Bicycle laws in the United States

For at least the past 60 years, bike safety rules and cycling laws have been drummed into the head of children, such that good cycling habits and etiquette is pretty much ingrained into the minds of the populous. The vast majority of motorized vehicles will automatically give you the right way. Similarly, the vast majority of bicyclists travel on the right hand side of the road, and almost always yield for pedestrians. The few cyclists travelling on sidewalks are mostly children or families with children. Everyone knows that riding on the sidewalk is illegal for an adult, but generally people have enough respect for the law to ride on the right hand side of the sidewalk most of the time, and yield for pedestrians.

Your bikes need love too!

Your bike is a mess? We can give you some easily done basic bicycle care steps that’ll rejuvenate most well-ridden two-wheelers. And the same tips can keep a new bike running and looking new for as long as you want.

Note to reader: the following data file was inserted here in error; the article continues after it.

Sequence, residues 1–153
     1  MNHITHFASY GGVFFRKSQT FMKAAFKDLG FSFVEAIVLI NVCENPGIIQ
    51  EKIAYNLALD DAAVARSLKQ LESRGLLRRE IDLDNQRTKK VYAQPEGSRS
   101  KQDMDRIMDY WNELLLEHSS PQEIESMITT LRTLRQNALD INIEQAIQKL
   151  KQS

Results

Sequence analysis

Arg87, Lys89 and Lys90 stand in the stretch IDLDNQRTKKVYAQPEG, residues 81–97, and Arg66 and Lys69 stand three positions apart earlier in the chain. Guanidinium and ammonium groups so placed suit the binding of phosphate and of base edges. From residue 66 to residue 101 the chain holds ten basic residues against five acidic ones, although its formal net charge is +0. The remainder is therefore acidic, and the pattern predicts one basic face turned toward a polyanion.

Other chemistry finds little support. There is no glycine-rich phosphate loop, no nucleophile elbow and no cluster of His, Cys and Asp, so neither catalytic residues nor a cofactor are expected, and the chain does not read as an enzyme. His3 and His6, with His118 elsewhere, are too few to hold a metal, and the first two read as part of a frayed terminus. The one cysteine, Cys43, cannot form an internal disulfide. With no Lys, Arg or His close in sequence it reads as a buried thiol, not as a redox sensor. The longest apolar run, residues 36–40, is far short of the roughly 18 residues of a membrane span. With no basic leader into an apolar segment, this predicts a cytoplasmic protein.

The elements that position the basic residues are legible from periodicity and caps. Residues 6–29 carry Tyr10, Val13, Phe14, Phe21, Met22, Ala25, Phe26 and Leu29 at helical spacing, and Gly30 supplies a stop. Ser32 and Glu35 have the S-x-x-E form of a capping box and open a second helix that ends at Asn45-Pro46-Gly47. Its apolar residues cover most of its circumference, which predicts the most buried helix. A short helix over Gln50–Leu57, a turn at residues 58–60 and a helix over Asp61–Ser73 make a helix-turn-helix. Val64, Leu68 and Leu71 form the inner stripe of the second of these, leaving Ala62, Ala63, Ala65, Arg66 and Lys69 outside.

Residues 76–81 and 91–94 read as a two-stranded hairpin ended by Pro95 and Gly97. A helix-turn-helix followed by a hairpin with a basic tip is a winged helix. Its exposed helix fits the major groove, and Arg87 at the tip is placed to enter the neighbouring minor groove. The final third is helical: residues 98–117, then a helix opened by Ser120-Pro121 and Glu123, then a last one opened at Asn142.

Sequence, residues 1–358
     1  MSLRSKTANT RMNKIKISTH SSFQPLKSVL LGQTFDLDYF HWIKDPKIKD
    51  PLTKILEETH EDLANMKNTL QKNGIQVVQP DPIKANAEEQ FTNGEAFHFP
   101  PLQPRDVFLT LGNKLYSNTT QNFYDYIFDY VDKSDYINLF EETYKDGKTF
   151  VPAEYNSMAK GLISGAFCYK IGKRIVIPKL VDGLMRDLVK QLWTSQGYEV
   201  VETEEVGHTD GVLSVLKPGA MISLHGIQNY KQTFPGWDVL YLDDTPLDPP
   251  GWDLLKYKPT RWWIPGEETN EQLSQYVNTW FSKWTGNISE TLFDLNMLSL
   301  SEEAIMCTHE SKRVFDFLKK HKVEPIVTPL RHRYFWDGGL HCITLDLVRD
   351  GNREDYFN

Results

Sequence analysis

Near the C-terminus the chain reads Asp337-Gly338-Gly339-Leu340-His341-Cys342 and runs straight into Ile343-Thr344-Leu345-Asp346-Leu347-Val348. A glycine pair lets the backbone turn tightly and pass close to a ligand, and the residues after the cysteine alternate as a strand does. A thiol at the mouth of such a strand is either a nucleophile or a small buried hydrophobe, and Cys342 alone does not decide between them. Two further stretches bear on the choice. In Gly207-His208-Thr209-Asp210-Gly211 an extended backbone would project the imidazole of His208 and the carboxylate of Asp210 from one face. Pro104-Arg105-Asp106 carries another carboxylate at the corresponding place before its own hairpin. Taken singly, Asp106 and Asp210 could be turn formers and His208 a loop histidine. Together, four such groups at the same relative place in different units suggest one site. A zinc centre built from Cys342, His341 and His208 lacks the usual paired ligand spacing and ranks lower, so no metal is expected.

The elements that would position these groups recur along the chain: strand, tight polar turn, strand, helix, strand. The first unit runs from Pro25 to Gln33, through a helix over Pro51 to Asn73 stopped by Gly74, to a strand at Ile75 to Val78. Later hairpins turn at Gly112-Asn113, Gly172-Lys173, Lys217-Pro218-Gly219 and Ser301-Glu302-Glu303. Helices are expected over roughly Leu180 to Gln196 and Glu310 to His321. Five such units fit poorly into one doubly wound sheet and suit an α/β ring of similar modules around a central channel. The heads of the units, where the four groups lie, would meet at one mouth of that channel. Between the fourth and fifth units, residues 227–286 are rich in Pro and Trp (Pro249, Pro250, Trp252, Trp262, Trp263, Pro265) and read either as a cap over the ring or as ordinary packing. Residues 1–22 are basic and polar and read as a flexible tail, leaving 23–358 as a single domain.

Pump It Up

Probably, the number one reason bikes fall apart is because people ignore the tires. Here’s what happens: Bicycle tires have very little air in them. And bicycle tubes, which are made of butyl rubber, are porous enough to allow air to seep out. The result is tires softening over a period of about a week for road bikes and about a month for mountain bikes (though it depends some on tire size).   When the tires get soft, bad things happen. Some folks decide to stop riding the bike because they think they have flat tires and they put off getting the flat fixed because it means loading the bike in the car and dragging it down to the bike shop.  

Lube It or Lose It

A bicycle is made up of a bunch of moving metal parts, many of which are meshing with each other. In order to keep these parts from grinding each other to dust as you pedal merrily along, they should be lubricated.   Spinning parts containing bearings, such as the wheels, pedals, bottom bracket (what the crankset is mounted to), and headset (the mechanism that connects the fork to the frame and allows steering), come from the manufacturer packed with grease. About once a year, these components should be dismantled, checked and regreased. But, because special tools are needed and the work is required only occasionally, you may prefer to leave this job to a bike shop mechanic.